If one was ever tempted to believe that the abdication of foreign policy is a good idea, they would be well-advised to examine the periphery of Europe in 2015. There is a failed state and a migration crisis in the South, involving thousands of deaths. In the East, there is an on-going war, which again has claimed thousands of lives and is destroying part of a European country.
Clearly, EU foreign policy is ill-focused and ineffective. Yet, when the President of the European Commission Jean-Claude Juncker, proposes steps that would alleviate this – namely an EU army – he is ridiculed.
The idea of a EU military has been proposed and dismissed before. In the 1950s, in reaction to security concerns and German rearmament, Western European countries proposed to establish the European Defense Community. The initiative failed, however, as it was rejected by the French Parliament.
Given the rising disorder on the European periphery, coupled with the hollowing out of national militaries, it is the right time to resurrect the idea. However, it is important not to let the perfect be the enemy of the good; the abolition of national armies is non-essential, and great progress can be made without this drastic step.
For the problem with the militaries of the EU is not that soldiers are too few, but rather that they are ill-equipped. This has come about partly due to underinvestment in very basic capabilities; consider that in 2017 Britain may have two aircraft carriers, but have no aircraft for them, owing to stringent budgeting.
In addition, states are unwilling to spend on equipment that will only be used occasionally, such as intelligence systems and reconnaissance aircraft. The result is that even states such as the UK and France have lost the ability to intervene without the support of the U.S.
These growing deficiencies were made clear in the recent interventions in Mali and Libya. The Libyan campaign involved the implementation of a no-fly zone, to prevent the civilians of Benghazi being bombed, a standard task for powerful European countries. Yet the U.S had to supply one half of the aircrafts, eight per cent of air-refuelling capacity and eighty per cent of intelligence, surveillance and reconnaissance flights. To make matters worse, EU countries began to run out of weapons after a certain number of months, these again needing to be topped up by the U.S.
Regarding the Mali intervention, not only were few European countries willing to offer assistance to France in preventing an Islamist takeover of its former colony, but the U.S., whose support was once again necessary, raised the prospect of charging for any help provided.
If the problem was limited to capacity for external intervention, it would not be so worrying. But it also seems that some states have lost core defensive capabilities for their national territories. For example, the UK doesn’t have planes that can detect submarines. In Germany, less than half of tanks and aircrafts are operational, and the reliability of those that are deemed functional is questionable; a recent arms shipment to Kurdistan was grounded for days due to several breakdowns.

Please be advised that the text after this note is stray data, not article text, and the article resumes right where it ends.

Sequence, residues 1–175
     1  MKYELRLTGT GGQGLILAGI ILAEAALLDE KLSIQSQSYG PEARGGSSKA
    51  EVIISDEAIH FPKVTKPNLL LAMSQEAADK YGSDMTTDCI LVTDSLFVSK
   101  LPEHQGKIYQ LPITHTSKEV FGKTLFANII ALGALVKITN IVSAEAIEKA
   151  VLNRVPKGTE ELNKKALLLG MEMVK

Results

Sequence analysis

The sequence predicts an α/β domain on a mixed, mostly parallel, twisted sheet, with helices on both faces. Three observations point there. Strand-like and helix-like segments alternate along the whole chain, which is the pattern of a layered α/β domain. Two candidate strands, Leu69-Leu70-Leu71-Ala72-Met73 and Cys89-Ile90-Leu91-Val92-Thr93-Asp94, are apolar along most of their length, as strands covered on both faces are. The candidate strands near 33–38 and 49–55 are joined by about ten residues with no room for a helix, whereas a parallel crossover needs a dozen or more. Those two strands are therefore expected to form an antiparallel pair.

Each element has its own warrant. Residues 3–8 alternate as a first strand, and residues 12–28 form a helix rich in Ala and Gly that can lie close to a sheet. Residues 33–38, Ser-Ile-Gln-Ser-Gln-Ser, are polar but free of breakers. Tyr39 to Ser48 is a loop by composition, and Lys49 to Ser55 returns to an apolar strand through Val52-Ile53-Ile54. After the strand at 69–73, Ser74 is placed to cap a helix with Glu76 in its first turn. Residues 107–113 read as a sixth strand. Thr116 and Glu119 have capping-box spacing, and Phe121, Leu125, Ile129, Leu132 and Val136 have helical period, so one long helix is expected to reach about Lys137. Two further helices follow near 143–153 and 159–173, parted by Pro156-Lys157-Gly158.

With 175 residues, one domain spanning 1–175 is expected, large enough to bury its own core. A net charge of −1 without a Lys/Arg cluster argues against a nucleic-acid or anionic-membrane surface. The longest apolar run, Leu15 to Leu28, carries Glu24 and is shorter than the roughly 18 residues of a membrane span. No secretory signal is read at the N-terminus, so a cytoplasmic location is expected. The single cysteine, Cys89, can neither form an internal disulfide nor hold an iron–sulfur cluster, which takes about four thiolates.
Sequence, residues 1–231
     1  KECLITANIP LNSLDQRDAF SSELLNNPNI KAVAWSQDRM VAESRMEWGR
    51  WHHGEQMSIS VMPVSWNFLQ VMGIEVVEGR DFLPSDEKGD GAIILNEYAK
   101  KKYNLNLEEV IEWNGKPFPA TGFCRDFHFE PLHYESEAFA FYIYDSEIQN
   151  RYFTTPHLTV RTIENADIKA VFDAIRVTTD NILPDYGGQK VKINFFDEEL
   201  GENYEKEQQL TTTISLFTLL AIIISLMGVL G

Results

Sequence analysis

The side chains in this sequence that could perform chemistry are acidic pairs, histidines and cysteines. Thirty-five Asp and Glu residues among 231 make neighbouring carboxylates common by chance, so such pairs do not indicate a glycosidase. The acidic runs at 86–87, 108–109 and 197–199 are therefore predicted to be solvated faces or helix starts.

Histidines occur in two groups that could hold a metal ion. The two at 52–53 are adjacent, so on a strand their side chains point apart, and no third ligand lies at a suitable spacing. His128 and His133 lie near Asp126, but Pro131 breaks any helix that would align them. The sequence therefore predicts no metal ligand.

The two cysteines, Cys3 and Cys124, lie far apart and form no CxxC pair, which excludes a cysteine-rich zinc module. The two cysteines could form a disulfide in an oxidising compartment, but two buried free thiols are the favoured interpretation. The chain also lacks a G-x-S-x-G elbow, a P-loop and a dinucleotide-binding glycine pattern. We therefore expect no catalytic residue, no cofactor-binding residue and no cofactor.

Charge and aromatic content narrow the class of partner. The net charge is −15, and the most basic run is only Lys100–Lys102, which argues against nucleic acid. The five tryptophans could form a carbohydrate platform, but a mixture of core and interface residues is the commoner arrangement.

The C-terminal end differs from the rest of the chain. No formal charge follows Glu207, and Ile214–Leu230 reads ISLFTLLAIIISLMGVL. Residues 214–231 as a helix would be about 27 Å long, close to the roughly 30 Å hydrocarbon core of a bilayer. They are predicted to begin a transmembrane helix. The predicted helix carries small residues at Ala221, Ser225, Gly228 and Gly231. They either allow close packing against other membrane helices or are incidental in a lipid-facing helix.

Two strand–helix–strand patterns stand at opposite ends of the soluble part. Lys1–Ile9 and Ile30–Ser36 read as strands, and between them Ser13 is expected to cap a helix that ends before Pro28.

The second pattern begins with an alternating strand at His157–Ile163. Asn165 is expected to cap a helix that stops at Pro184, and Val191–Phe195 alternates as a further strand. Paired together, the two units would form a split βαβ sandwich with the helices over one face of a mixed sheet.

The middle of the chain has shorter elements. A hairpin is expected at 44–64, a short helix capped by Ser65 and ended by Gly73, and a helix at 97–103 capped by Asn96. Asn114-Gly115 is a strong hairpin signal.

It is in the context of these issues that one must consider any new efforts toward EU military cooperation. Such cooperation should aim to eliminate two problems. First, duplication of capabilities, which leads to excess costs. Second, the free-riding problem, whereby most European countries do nothing to ensure stability in the European periphery.
Where can such cooperation begin? Consider the example of aircrafts that are capable of detecting submarines. Being rarely used, they are not often maintained. But rather than expecting each state to maintain such aircrafts individually, EU countries could set up a common capability corps, which would ensure that such equipment would be available for use by all member states. In return, it ought to be funded by all members. Such a corps would not be in conflict with existing neutrality arrangements, and would clearly not infringe on the role of NATO.
If successful, the corps could be expanded to ensure that aircrafts and drones relating to intelligence, surveillance, reconnaissance, refuelling and transport could be available to each member state.
Some, of course would object to this, as they would believe that a greater European capacity to intervene may mean more interventions and therefore more deaths. However, pacifist EU states remain unlikely to intervene except in the most egregious circumstances, when intervention could scarcely make things worse.
And on the rare occasions when intervention or defense is necessary, such capabilities would surely reduce the number of deaths. Greater intelligence and reconnaissance capabilities would reduce the chance that civilian areas would be accidentally targeted. Greater refuelling capabilities would also reduce civilian deaths, as the trade-off whereby command must decide whether to refuel reconnaissance aircraft or strike forces would be eliminated.
Such a corps would thus ensure not only that EU states could move to prevent great suffering and displacement in our near-abroad, but that, when it does act, the operation is as effective as possible at reducing the number of civilian casualties.
Not everyone will be convinced of the merits of greater military cooperation; there is an assumed contradiction between altruism and power. Alas, on-going tragedies around Europe make it clear that without power, Europe has no capacity to be altruistic. Perhaps it is time to abandon a contradiction that was only ever intellectual, and never real.